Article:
The following is the American Society of Hematology's statement of the elements of training and certification required for the American hematologist, and the professional expertise that defines all hematologists. In doing so, the Society acknowledges that no area of knowledge is the exclusive province of a particular medical subspecialty. However, those areas of knowledge and expertise that are to be expected in physicians who have trained in hematology are described.
The American Hematologist
A hematologist is a physician who specializes in the diagnosis, treatment, prevention, and/or investigation of disorders of the hematopoietic, hemostatic, and lymphatic systems, and disorders of the interaction between blood and blood vessel wall. An American hematologist has trained in a subspecialty program approved by the American Board of Internal Medicine or the American Board of Pediatrics, or has acquired a comparable education in the field by alternate means, and is Board Certified (or eligible) in the subspecialty of hematology.
Diagnostic Expertise of a Hematologist
A hematologist is expert in the investigation, diagnosis, and management of disorders of the aforementioned organ systems through the use of the medical history, physical findings, specialized clinical laboratory tests, and evaluation of tissue or cytological specimens. Clinical entities considered specific to the specialty of hematology include disorders of the structure, function, and physiology of red and white blood cells and platelets, disorders of hemostatic system regulation or function, and benign and malignant disorders of the bone marrow and lymphoreticular system. Hematologists also evaluate and manage systemic disorders and other poorly understood diseases that clinically present as abnormalities of the aforementioned organ systems.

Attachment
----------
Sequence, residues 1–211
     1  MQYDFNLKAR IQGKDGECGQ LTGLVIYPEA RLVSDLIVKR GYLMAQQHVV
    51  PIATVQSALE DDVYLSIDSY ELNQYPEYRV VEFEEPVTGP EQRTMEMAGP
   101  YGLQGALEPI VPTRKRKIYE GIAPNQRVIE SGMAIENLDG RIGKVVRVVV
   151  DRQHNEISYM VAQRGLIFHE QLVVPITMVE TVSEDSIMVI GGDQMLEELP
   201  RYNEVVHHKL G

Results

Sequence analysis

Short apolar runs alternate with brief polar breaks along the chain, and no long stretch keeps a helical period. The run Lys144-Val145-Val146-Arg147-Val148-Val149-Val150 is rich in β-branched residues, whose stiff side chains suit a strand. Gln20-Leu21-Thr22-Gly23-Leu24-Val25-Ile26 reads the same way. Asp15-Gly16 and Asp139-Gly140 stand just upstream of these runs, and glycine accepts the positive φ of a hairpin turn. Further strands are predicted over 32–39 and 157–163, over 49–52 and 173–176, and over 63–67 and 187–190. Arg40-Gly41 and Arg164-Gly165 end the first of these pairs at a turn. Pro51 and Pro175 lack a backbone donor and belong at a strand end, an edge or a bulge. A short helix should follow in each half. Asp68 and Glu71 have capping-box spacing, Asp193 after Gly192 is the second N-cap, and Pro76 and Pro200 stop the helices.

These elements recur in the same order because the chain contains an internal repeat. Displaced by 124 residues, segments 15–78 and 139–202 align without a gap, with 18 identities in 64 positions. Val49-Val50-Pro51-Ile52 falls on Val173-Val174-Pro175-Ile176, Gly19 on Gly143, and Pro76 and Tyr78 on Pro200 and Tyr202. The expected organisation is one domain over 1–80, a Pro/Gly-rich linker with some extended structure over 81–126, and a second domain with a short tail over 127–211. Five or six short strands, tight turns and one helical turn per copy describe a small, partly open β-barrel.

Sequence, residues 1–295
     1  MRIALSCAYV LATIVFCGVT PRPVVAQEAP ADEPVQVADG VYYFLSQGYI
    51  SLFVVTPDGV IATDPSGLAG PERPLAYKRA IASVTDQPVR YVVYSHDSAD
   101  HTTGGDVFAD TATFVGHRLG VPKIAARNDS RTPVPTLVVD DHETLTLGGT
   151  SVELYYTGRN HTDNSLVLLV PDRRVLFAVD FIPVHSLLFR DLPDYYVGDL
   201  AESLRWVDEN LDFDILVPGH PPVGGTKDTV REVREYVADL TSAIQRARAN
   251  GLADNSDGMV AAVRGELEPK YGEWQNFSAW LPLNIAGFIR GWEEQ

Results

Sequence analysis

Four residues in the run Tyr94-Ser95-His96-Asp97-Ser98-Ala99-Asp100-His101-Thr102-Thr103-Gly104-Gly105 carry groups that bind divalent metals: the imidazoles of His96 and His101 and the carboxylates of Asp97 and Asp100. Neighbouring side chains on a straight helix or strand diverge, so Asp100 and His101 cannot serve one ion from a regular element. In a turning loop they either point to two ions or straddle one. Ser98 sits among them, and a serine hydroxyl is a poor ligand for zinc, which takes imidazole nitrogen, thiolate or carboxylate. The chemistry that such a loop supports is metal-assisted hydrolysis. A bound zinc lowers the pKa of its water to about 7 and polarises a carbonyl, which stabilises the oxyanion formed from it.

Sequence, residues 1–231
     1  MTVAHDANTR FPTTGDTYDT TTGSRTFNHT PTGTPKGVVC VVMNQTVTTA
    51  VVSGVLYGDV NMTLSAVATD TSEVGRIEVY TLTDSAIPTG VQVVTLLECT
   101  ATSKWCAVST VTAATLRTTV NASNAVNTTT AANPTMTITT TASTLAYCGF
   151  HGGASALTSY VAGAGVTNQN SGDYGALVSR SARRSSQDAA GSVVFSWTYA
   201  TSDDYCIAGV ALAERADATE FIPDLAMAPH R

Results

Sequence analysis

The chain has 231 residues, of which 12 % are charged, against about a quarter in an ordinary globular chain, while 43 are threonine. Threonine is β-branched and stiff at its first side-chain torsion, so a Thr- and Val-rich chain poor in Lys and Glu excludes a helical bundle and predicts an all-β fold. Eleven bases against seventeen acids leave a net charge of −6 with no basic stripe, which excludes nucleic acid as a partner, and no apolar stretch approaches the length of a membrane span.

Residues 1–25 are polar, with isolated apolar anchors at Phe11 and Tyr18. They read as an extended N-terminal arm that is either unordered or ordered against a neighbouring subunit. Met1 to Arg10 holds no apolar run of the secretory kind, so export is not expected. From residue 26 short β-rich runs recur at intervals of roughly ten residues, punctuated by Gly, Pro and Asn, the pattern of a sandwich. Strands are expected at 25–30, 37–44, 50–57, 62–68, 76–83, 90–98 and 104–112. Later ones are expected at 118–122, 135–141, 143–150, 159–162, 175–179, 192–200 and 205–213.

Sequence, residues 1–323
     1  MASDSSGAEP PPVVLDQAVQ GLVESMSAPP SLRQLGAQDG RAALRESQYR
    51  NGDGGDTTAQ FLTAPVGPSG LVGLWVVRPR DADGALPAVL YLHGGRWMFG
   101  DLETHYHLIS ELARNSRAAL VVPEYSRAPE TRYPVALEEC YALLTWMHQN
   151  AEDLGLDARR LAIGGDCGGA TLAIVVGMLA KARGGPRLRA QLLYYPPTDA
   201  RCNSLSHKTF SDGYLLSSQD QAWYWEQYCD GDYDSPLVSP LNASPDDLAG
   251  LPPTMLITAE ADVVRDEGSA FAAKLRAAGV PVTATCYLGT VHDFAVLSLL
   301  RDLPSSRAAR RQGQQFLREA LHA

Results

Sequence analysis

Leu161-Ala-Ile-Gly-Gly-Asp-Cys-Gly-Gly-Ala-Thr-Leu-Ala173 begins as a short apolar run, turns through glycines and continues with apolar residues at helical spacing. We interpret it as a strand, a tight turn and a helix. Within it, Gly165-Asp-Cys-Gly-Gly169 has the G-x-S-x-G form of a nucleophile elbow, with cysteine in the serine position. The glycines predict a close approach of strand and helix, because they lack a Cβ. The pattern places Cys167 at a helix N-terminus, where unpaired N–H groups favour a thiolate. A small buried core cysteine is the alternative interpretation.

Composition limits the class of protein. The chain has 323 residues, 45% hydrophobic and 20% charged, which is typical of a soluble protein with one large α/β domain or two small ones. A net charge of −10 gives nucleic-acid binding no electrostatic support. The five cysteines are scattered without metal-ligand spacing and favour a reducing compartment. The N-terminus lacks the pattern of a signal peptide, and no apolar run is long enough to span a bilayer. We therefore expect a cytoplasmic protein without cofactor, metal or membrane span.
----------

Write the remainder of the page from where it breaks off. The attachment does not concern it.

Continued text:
Therapeutic Expertise of a Hematologist
In addition to therapeutic measures common to all medical specialists, therapies in the following areas are considered specific to the expertise of a hematologist:
- Blood products and derivatives
- Blood processing
- Chemotherapy and other anti-tumor agents
- Supportive care (including pain management)
- Anticoagulants and antithrombotic agents
- Progenitor cell therapies (including stem cell therapies)
Investigative/Educational/Administrative Expertise of a Hematologist
Training in hematology equips the hematologist to focus efforts on clinical investigative, epidemiological, or research laboratory-based approaches to issues and processes that bear directly or indirectly on disorders and therapies referred to above. In addition, the expertise of the hematologist provides the basis for medical or administrative leadership of clinical laboratory organizations related to the above (e.g. clinical and special hematology laboratories, coagulation laboratories, blood banks, or related entities). Hematologists are especially qualified to conduct or participate in educational programs related to their areas of expertise for physicians, students, and other health-care workers.
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